Our cells have information stored in the nucleus, encoded by DNA. As we grow, the numbers of cells increase, new cells are constantly being formed from old ones and this is essential not only for growth but for repair of damage, occurring in our organs due to usage and other factors. Look at your hand, forearm and arm, what you see is an organ of uniform colour and form isn’t it? Your cells are dividing but they are able to maintain the information they encode and pass it on to next generation cells. Not to say that our cells are without mistakes, in-fact they do make a lot of mistakes in copying information but at least two things are in their favour to maintain a more or less identical pool of information as that passed on to them by parent cells. Firstly, most of these mistakes, called mutations, are inconsequential as they occur in non-coding sequences of our DNA. Yes, a big part of our DNA has useless information and in this part, when mistakes occur, it is inconsequential. Second, our cells have enzymes that try and follow up and check for mistakes when the genetic material is being replicated. Viruses, like us, also have mutations occurring in their DNA sequences and some of these are indeed inconsequential in terms of changing the virus’ pathogenicity. There is a difference among viruses however in terms of the rate at which mutations occur. As you might predict, a DNA virus has a lower rate of mutations as compared to an RNA virus and as such, there is a greater chance of an RNA virus changing over time as compared to a DNA virus. Now, coronaviruses are RNA viruses, and this is bad news in light of the preceding point and the fact that we are now experiencing a pandemic caused by an RNA virus.
As the information in the coronavirus RNA is copied in order to make new virus “children”, mistakes are made, and are mostly not corrected. This introduces antigenic variation in one strain of the virus and new ‘lineages’ of the virus are created. This simply means that there are alternative forms of the virus but these do not really mean that they are now different, in fact they remain the same and are classified under one strain. The kinds of mutations giving rise to new lineages of the virus strain are termed silent mutations.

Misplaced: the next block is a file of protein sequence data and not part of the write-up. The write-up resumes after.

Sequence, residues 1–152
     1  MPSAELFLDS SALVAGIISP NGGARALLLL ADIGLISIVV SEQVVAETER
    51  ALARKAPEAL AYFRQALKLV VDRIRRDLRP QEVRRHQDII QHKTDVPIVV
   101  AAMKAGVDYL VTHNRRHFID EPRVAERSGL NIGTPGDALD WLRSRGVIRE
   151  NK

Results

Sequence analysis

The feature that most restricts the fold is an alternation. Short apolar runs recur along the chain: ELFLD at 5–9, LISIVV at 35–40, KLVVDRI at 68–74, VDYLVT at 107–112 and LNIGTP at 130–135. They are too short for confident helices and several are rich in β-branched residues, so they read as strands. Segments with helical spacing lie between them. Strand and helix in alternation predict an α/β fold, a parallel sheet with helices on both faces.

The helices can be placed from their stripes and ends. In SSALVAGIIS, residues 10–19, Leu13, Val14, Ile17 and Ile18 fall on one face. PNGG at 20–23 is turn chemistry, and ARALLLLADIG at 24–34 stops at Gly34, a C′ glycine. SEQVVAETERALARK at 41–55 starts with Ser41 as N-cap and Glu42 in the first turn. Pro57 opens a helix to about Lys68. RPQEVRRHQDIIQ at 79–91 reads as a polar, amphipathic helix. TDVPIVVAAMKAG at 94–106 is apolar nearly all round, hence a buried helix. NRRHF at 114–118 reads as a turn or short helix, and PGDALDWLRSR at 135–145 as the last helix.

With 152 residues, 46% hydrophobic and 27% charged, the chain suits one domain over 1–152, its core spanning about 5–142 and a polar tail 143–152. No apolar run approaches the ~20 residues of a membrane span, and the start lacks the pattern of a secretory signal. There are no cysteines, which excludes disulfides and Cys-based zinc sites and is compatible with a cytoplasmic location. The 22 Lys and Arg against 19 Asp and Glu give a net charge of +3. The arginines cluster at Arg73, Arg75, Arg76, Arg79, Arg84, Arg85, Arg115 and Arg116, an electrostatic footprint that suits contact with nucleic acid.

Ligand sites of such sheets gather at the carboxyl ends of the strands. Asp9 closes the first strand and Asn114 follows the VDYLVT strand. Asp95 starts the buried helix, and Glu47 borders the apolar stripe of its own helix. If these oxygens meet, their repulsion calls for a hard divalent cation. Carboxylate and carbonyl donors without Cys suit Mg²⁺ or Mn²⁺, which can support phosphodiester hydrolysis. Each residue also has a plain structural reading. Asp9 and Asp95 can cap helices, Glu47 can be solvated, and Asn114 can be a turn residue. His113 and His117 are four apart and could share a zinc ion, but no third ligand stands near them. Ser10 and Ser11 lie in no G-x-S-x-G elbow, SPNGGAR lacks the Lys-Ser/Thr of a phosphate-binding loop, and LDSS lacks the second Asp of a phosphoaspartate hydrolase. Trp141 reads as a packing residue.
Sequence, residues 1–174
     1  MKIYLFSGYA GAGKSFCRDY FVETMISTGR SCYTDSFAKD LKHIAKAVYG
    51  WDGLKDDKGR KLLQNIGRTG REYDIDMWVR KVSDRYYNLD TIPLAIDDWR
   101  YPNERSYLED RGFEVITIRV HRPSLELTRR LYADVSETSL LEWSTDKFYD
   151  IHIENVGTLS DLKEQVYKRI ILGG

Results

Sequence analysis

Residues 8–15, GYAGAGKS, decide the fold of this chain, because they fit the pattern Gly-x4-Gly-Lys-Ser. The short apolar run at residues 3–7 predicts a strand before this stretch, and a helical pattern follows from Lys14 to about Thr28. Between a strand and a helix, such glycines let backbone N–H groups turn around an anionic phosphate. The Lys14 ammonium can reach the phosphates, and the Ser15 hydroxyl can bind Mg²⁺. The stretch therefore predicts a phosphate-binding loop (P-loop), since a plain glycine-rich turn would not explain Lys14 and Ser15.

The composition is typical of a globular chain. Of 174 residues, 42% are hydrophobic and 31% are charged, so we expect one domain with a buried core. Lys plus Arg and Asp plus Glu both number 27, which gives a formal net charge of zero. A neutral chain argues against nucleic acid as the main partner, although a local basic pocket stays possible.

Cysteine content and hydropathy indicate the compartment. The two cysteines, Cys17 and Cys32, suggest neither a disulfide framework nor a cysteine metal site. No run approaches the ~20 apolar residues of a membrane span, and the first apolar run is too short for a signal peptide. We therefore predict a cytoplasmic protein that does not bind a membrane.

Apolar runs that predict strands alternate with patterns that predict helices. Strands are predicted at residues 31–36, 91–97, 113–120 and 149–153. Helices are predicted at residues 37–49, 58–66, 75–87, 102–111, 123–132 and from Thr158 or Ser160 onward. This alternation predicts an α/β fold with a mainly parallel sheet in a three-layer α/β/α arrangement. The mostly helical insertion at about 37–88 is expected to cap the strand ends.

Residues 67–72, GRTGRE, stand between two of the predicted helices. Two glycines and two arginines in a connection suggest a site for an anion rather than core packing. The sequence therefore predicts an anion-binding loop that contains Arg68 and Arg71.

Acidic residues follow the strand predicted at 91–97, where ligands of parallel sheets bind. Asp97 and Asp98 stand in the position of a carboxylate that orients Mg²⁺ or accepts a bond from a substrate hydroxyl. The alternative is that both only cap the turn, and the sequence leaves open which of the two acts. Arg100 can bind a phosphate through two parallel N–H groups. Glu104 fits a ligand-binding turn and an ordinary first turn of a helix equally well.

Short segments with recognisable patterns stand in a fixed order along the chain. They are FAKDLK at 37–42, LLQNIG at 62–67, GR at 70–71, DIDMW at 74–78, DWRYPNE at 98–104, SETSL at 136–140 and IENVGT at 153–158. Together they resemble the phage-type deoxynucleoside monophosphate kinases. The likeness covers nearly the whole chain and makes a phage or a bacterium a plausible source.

However, mutations that alter the virus’ immunogenicity, pathogenicity and/or virulence can give rise to new strains. These mutations can lead to an increase or a decrease the extent of the virus’ effects. These mutations can also cause changes in certain protein components leading to the inability of our bodies to detect them effectively. This is perhaps the more common definition of a ‘strain’, however, the word strain can be defined in another way, arising from a somewhat different situation. When there are many variants of a virus in the same population, there can be one individual who is a “super spreader”, who somehow infects a lot of other people. This then creates a situation where there is a prevailing variant or lineage of the virus, in this case, this is now termed as a strain as well since it is the most prevalent of all the other variants in the lineage.
The current pandemic is a result of these changes in the causative agent, the SARS-CoV -2. There are now more than a thousand variants of this virus in the world and perhaps between one and ten strains.